The Atlanta Journal-Constitution Wins 2019 Brechner Freedom of Information Award
A team of investigative journalists at The Atlanta Journal-Constitution, whose reporting led the City of Atlanta to overhaul its practices for responding to public-records requests, is the winner of the 2019 Brechner Freedom of Information Award.
The award, presented annually by the Joseph L. Brechner Center for Freedom of Information at the University of Florida, recognizes excellence in reporting about freedom of information, access to government-held information or the First Amendment. The award, which includes a $3,000 cash prize, is primarily intended to reward journalism shedding light on government secrecy.
The team responsible for the award-winning AJC series — “How Atlanta Trampled the Public’s Right to Know” — includes reporters Stephen Deere, Dan Klepal, J. Scott Trubey and Kelly Yamanouchi, and Editor Ken Foskett. The series was published over the course of 2018, beginning with a March 2018 story exposing how top aides to then-Mayor Kasim Reed purposefully slow-walked requests for public records to protect the mayor and his allies against the disclosure of embarrassing information. The scandal led to criminal charges against the mayor’s former press secretary for violating the Georgia Open Records Act.
The winners will receive the award at a luncheon of the Florida Free Speech Forum in Gainesville, Florida on April 9.
“It’s rare for a news organization to pour so much concentrated effort into making sure public-records laws are rigorously enforced,” said UF media-law professor Frank D. LoMonte, director of the Brechner Center. “The judges were impressed not just with the quality and depth of the AJC’s reporting, but with how much positive change it brought about.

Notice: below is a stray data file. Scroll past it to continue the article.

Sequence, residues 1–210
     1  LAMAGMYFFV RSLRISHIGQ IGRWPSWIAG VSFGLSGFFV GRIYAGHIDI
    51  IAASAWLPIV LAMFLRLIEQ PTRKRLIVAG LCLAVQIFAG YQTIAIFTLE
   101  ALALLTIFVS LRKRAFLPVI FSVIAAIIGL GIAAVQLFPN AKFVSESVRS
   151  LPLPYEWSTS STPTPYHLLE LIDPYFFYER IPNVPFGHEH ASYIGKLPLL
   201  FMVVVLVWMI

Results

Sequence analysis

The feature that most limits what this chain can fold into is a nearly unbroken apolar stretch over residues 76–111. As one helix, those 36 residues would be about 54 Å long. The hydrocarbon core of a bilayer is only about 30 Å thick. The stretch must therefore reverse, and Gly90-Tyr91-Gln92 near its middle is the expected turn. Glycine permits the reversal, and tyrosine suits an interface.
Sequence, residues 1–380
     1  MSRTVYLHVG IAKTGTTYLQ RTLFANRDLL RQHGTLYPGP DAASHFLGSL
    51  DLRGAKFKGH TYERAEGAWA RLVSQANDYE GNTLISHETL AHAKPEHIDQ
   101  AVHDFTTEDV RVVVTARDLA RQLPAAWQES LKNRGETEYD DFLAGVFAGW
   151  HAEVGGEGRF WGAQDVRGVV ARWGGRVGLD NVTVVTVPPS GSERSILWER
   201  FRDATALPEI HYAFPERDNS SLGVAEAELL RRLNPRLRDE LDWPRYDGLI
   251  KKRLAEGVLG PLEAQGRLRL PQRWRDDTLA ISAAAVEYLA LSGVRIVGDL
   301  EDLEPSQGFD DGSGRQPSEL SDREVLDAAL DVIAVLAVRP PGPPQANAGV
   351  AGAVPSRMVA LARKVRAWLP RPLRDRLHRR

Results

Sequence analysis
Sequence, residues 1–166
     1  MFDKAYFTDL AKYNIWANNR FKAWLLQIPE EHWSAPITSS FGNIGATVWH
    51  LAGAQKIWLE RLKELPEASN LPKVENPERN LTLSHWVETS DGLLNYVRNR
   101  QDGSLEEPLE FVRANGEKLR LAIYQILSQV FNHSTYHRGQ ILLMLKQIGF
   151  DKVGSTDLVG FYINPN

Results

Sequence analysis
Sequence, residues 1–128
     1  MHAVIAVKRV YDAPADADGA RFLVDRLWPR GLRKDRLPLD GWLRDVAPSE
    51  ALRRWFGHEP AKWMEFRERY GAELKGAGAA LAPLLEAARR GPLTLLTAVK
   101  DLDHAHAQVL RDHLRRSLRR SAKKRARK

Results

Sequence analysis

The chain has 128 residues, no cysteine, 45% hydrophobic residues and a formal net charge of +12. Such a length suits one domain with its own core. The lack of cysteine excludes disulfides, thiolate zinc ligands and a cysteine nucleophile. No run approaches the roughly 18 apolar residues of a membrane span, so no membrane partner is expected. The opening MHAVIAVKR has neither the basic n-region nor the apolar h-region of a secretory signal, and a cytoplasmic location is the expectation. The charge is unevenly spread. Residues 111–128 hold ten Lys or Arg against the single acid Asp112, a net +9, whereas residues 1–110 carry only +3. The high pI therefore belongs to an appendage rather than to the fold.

“Criminal charges for public-records violations are reserved for only the most egregious cases. The fact that a former high-ranking city official faces prosecution for concealing government records tells you how flagrant these violations were. Without the dedicated reporting of the AJC team, this story would have come out quite differently, and the city would have taken away a very different lesson from the experience,” LoMonte said.
The AJC’s reporting began with a March 8, 2018, report about how City Hall officials concealed embarrassing information about how then-mayor Reed and his political allies were deficient in paying their water bills. Reporters obtained text messages from the mayor’s chief spokeswoman directing a city official responding to an AJC records request to “be as unhelpful as possible” and “provide the information in the most confusing format possible.”
In subsequent stories, the AJC found that a city lawyer evaded a request for records of $1.4 million in legal bills by producing dummy invoices that he passed off as genuine. In another story, the AJC discovered that the mayor’s office concealed from the City Council a federal subpoena in a long-running corruption probe involving the Atlanta airport at a time when the council was voting on vendor contracts involving companies implicated in the investigation. One city council member characterized the culture of secrecy practiced by the Reed administration as “the Iron Curtain.”
As a result of the disclosures brought to light by the AJC, Reed’s successor, Mayor Keisha Lance-Bottoms, created a new position of “chief transparency officer” and enacted a more rigorous compliance policy for public-records requests, including penalties for non-compliant employees. Responding to a complaint filed by the AJC and its broadcast partner, WSB-TV, the state Attorney General’s office brought misdemeanor charges against the mayor’s former spokeswoman in February of this year.
“Every day our journalists investigate and report what’s really going on,” said Kevin Riley, AJC editor. “It’s hard work to uncover the truth — but it’s crucial to keep subscribers informed and make our community stronger. Throughout the City Hall investigation, a group of dedicated journalists have broken numerous stories around the federal investigation. They routinely faced the frustration of government workers blocking access to the public’s information. But it didn’t keep them from working to uncover documents and information before federal investigators.”
This year’s judges included LoMonte, UF College of Journalism and Communications Rob Hiaasen Lecturer in Investigative Journalism Ted Bridis (former editor of the Associated Press’ Washington investigative team), and Kelsey Ryan, outreach manager at the National Freedom of Information Coalition (and Pulitzer Prize finalist with the Kansas City Star).
The Brechner Center has offered the Freedom of Information Award since 1986. Last year’s winner was reporter Bethany Barnes of The Oregonian. A list of previous winners can be found at http://brechner.org/about/past-awards/.